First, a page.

The Madre de Dios project in Peru is a REDD scheme, registered under the Verra Verified Carbon Standard, and protects and preserves the rainforest to sequester carbon and mitigate climate change by helping to support a local community of around 400 Brazil nut farmers working in a sustainable way. It was the first offset project we invested in, to cover around 27,000tCO2e emitted by our early Members.
With other more recent carbon offset projects we have purchased around 250,000tCO2e offsets from a variety of renewable power projects around the world. This helps the energy transition away from fossil fuels to clean power generation — cutting the carbon society needs to light their lives. These projects are registered under the Certified Emission Reductions Scheme, accepted by the EU’s Emissions Trading Scheme, and include hydropower in Brazil and the Philippines, and wind generation in China.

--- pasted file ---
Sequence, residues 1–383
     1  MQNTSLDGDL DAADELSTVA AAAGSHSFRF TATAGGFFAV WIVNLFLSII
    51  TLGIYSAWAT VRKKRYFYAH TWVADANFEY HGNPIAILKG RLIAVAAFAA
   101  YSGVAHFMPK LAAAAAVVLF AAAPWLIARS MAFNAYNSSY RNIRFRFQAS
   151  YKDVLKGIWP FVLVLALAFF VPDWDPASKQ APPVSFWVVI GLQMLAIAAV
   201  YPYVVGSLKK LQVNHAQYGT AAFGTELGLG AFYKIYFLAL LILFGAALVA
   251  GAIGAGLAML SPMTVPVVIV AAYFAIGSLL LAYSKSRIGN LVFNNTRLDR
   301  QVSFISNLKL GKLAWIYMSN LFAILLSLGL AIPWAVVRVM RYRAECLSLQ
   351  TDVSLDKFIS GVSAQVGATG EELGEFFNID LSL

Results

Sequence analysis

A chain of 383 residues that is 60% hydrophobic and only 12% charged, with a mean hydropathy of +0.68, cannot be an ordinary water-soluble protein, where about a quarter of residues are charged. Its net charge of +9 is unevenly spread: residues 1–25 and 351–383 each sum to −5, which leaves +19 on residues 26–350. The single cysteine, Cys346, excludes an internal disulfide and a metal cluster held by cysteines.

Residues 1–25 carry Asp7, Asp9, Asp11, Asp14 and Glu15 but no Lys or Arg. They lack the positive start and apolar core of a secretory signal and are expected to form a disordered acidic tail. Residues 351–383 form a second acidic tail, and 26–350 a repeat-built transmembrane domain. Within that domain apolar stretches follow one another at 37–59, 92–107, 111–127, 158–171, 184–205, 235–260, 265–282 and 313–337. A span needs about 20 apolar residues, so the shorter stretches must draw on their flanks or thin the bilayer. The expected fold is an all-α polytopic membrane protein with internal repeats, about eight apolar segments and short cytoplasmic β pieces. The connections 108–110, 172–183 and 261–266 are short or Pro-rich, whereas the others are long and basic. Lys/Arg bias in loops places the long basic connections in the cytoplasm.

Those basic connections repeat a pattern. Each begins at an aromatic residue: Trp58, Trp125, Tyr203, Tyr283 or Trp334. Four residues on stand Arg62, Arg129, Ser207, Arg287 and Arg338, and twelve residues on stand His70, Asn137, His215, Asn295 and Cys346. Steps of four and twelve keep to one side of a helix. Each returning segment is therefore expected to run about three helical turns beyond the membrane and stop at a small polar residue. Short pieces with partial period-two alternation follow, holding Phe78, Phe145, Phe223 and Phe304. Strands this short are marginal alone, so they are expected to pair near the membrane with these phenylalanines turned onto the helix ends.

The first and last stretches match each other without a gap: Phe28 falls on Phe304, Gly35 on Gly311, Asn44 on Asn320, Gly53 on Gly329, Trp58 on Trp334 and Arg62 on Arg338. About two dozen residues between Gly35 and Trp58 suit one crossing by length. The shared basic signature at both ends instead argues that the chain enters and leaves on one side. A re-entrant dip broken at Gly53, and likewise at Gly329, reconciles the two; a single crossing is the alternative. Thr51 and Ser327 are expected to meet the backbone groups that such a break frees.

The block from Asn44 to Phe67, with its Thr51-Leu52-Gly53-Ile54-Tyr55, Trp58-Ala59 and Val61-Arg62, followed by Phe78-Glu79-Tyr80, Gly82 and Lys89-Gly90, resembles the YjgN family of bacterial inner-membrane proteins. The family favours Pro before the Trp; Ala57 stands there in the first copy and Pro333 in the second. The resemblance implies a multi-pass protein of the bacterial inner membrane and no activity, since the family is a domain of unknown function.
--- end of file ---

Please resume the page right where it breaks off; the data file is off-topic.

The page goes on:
Keen to help the rainforests even more?
Have a look at these charities and nonprofits. And, don’t forget, if you’re a Pure Planet Member and you successfully refer a friend to us, you can use your gift voucher to donate to any of tens of thousands of charities in the UK, including many conservation charities — or even, perhaps, to buy a copy of Rainforest.
- Cool Earth
- Global Forest Watch from the World Resources Institute
- Rainforest Foundation
- Rainforest Concern
- Rainforest Alliance UK
- World Land Trust Sir David Attenborough is a patron, here’s his film about their conservation work.
The carbon offset controversy
Pure Planet carbon offsets the emissions from all the gas our Members have piped to their homes, and all the emissions caused by burning it. It means our Members have as near as is practicable to a carbon neutral product.